The Court may not exercise diversity jurisdiction unless BGC and its affiliates are citizens of states other than Avison Young and its affiliates.  Avison Young represents that the defendants, including the members of the LLC defendant, are citizens of Delaware, the District of Columbia, Illinois, New York, Maryland, and Virginia. Opp’n to Mot. to Remand Ex. G, H, J. BGC has submitted a declaration explaining that the members of the LLC plaintiff include individuals who are also citizens of the District of Columbia, Maryland, Illinois, and Virginia. Reply Ex. 2.  Because limited liability corporations are citizens of states where their members are citizens, Shulman, 305 F. Supp. 2d at 40, both AY-Washington, D.C. and BGC Holdings, L.P. are citizens of District of Columbia, Maryland, and Virginia. This overlapping citizenship defeats complete diversity between the parties.
Even if complete diversity were present, removal would be barred by the forum defendant rule, which prevents defendants who are citizens of the forum state from removing a case solely on the basis of diversity. 28 U.S.C. § 1441(b)(2). Avison Young acknowledges that several members of AY-Washington, D.C. are citizens of District of Columbia. Opp’n to Mot. to Remand Ex. H. And as explained above, this Court may not exercise bankruptcy jurisdiction, so there is no possible basis for federal jurisdiction other than diversity. Therefore, Avison Young cannot invoke diversity jurisdiction under the forum defendant rule.
For the foregoing reasons, Plaintiffs’ motion to remand is granted. The Court will remand the case to District of Columbia Superior Court.
 The Court assumes the truth of all non-jurisdictional facts alleged in BGC’s complaint.
 Under the agreement BGC entered into when it purchased Grubb & Ellis’s assets, if BGC obtains more than $20 million from this lawsuit, the bankruptcy estate will recover a portion. Opp’n to Mot. to Remand Ex. W at 53. Considering the scope of BGC’s allegations, a recovery of over $20 million appears within the realm of possibility.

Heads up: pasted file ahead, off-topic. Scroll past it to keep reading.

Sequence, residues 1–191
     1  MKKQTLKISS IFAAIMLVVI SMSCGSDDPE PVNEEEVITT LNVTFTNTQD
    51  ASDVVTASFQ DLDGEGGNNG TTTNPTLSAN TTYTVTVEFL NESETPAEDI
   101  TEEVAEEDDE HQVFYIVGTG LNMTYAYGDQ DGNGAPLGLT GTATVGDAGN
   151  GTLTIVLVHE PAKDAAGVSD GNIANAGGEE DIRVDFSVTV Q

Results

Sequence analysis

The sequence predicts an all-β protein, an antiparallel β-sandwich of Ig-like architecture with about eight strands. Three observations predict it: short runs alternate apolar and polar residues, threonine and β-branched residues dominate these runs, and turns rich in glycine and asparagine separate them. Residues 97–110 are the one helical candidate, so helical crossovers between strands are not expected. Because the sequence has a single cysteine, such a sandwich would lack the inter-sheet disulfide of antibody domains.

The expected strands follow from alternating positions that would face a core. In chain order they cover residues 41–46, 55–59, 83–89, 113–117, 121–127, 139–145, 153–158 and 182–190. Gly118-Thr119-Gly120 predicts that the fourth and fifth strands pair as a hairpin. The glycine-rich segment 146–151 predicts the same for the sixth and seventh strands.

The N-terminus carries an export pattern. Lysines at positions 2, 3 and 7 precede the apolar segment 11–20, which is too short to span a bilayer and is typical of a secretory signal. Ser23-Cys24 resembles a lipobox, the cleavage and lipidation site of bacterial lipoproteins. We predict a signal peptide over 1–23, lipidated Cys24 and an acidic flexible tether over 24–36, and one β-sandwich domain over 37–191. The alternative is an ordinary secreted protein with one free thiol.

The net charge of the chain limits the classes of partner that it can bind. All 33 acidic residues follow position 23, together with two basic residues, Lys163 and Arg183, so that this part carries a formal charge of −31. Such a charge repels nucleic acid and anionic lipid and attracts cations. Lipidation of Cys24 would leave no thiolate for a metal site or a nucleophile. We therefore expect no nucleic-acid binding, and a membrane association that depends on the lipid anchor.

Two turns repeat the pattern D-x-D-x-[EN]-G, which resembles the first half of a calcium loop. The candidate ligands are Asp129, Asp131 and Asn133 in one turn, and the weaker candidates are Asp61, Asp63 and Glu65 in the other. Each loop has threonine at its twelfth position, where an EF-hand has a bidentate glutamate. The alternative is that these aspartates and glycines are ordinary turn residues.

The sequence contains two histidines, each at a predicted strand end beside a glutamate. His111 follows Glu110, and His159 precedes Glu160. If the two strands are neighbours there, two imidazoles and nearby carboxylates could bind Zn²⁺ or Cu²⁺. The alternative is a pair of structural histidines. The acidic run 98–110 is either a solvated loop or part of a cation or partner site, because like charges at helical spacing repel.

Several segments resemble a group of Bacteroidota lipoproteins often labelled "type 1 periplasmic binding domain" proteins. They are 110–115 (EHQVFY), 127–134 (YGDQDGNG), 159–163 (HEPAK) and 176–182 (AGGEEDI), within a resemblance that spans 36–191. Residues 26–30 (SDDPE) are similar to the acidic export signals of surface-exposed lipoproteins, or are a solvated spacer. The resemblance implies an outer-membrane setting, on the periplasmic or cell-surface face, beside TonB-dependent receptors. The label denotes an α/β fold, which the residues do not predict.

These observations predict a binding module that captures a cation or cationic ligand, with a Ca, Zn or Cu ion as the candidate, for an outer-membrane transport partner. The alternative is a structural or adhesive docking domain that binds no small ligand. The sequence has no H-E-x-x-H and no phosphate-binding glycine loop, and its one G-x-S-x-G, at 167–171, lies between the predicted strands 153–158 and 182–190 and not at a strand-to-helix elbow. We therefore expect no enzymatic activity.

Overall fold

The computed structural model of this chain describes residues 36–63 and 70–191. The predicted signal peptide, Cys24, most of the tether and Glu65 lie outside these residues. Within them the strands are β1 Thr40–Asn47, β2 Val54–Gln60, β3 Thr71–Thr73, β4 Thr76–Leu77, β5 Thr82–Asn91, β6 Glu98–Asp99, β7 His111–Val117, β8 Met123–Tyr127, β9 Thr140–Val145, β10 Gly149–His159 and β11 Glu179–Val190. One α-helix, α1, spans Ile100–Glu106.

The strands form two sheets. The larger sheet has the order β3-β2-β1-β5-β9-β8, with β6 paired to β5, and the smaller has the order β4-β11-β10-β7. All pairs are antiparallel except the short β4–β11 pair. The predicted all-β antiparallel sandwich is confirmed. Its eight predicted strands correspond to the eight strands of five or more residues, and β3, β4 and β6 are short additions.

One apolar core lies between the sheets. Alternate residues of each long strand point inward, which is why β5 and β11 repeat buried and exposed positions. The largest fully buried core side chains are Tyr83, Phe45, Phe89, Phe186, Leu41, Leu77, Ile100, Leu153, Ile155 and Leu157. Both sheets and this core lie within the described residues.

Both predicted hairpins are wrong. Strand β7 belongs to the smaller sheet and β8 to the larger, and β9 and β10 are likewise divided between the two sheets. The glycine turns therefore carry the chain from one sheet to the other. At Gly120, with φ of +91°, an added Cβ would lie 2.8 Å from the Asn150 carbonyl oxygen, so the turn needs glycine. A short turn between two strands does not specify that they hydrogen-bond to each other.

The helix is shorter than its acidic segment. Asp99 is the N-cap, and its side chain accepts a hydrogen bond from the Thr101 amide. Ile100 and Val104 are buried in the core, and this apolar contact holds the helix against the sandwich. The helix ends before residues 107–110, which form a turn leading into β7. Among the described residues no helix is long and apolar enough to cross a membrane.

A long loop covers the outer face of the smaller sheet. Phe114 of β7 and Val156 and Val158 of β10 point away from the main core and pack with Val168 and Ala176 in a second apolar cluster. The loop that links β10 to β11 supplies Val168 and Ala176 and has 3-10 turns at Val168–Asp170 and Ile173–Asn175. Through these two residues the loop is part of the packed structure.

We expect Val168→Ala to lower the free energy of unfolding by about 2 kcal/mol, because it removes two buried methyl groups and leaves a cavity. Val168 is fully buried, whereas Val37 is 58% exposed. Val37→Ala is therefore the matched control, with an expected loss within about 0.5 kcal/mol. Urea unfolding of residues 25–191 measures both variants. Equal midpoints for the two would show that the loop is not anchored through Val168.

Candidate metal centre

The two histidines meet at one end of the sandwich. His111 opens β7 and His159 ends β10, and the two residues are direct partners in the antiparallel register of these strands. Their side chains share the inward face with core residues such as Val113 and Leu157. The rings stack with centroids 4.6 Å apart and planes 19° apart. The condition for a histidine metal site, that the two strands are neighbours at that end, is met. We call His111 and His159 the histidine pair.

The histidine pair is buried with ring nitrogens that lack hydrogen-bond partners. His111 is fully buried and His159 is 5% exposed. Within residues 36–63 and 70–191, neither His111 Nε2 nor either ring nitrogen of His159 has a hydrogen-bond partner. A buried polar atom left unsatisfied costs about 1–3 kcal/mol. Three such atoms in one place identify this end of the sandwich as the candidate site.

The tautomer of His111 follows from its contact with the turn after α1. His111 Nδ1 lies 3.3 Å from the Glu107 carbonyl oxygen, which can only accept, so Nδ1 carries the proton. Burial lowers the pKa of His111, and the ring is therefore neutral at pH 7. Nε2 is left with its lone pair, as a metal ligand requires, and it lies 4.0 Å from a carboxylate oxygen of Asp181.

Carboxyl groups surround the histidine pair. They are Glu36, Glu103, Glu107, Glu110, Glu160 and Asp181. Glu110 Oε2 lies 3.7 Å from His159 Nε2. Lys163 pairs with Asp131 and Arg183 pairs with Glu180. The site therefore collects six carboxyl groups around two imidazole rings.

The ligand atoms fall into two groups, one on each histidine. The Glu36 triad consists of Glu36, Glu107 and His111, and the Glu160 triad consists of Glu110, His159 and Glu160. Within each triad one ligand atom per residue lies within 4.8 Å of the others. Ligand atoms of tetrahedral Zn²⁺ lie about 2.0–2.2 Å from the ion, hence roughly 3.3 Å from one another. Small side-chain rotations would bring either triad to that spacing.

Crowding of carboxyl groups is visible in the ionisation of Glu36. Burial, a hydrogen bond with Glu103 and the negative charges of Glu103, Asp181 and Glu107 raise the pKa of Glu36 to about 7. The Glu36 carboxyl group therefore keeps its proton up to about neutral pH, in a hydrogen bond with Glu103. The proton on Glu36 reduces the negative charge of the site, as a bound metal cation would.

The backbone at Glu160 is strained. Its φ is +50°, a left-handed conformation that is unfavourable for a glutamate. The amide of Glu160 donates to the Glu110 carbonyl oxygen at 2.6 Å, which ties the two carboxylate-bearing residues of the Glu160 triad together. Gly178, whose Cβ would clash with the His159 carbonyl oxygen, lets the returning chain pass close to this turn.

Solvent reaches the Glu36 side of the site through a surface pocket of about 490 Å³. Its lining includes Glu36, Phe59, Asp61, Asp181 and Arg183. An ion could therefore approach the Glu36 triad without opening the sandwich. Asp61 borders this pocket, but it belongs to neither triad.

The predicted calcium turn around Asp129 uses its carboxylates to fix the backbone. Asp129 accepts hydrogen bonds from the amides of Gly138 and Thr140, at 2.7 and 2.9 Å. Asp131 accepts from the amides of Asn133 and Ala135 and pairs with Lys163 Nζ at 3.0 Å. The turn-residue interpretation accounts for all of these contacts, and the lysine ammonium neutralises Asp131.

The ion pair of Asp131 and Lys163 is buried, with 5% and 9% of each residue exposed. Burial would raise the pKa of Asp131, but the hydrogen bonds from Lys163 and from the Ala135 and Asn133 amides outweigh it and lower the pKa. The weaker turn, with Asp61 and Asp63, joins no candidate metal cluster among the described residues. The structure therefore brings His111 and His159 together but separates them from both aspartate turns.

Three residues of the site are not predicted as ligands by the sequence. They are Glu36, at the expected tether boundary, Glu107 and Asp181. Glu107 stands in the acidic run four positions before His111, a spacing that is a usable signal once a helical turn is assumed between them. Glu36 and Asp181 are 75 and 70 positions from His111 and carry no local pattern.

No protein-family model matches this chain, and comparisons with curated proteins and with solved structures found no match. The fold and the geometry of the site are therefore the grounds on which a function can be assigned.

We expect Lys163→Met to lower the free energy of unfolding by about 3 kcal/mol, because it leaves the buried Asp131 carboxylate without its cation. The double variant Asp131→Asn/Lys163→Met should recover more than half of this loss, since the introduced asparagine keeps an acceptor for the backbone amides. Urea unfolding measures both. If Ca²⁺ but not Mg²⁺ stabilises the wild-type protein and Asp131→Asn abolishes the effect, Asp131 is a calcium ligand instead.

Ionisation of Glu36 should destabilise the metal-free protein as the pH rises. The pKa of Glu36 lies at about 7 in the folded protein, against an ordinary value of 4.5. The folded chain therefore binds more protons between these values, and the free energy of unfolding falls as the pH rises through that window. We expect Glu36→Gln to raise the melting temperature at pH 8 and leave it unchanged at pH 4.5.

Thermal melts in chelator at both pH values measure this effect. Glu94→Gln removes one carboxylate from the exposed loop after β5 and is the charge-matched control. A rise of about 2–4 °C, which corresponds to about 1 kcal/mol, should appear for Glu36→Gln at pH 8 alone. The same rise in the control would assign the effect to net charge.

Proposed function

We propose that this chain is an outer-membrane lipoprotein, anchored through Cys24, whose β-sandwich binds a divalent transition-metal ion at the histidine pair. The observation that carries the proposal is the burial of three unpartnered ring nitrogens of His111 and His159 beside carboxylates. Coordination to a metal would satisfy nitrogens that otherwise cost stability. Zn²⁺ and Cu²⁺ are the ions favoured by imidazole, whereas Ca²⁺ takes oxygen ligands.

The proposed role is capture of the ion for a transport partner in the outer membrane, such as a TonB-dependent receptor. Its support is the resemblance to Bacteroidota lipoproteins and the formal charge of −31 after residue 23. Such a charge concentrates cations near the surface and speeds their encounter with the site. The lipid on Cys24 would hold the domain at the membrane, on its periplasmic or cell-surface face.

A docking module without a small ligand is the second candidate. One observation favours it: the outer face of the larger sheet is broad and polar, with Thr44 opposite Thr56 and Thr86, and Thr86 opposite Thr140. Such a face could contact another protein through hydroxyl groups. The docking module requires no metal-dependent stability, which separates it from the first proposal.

The parties also disagree over whether there is “related to” bankruptcy jurisdiction and, in fact, which standard to apply in determining “related to” jurisdiction. Avison Young urges the Court to exercise jurisdiction because “the outcome of [the case] could conceivably have any effect on the estate being administered in bankruptcy,” In re Ostroff, 433 B.R. 442, 447 (Bankr. D.D.C. 2010), while BGC asserts that the Court should only exercise jurisdiction if there is a “close nexus to the bankruptcy court or proceeding,” Advantage Healthplan, Inc. v. Potter, 391 B.R. 521, 545 (D.D.C. 2008) . Because, as the Court explains below, the mandatory abstention doctrine bars federal review of these claims even if “related to” jurisdiction existed, the Court need not decide either issue.
 Available at http://dccourts.gov/internet/documents/2014-statistical-summary-final-02-12-15.pdf.
 BGC asserts that Avison Young has insufficiently pled the citizenship of its affiliates and that Avison Young should be denied leave to amend its declarations of citizenship. Pls. Reply at 4, 7. But insufficient allegations of citizenship are technical defects that may be easily corrected. See Breakman v. AOL LLC, 545 F. Supp. 2d 96, 102 (D.D.C. 2008) (permitting an LLC to correct its statement of citizenship). Accordingly, the Court accepts Avison Young’s amended declarations of citizenship.
 Avison Young argues that BGC’s declaration in support of the plaintiffs’ citizenship is insufficient. BGC has provided the declaration of Mark Prasad, who has personal knowledge of the partnership structure of BGC Holdings, L.P. BGC Holdings’ members constitute parties for the purposes of determining citizenship because BGC Holdings, L.P. is a member of another partnership which, in turn, is a member of plaintiff G&E Acquisition Company, LLC. Prasad declares that he has reviewed the business records of BGC Holdings, L.P., which are kept in the ordinary course of business, and has determined that a number of its members have been citizens of the district of Columbia, Illinois, Maryland, and Virginia at all relevant times. Pls.’s Reply Ex. 2 ¶¶ 2-5. This declaration is sufficient to establish the citizenship of the plaintiffs.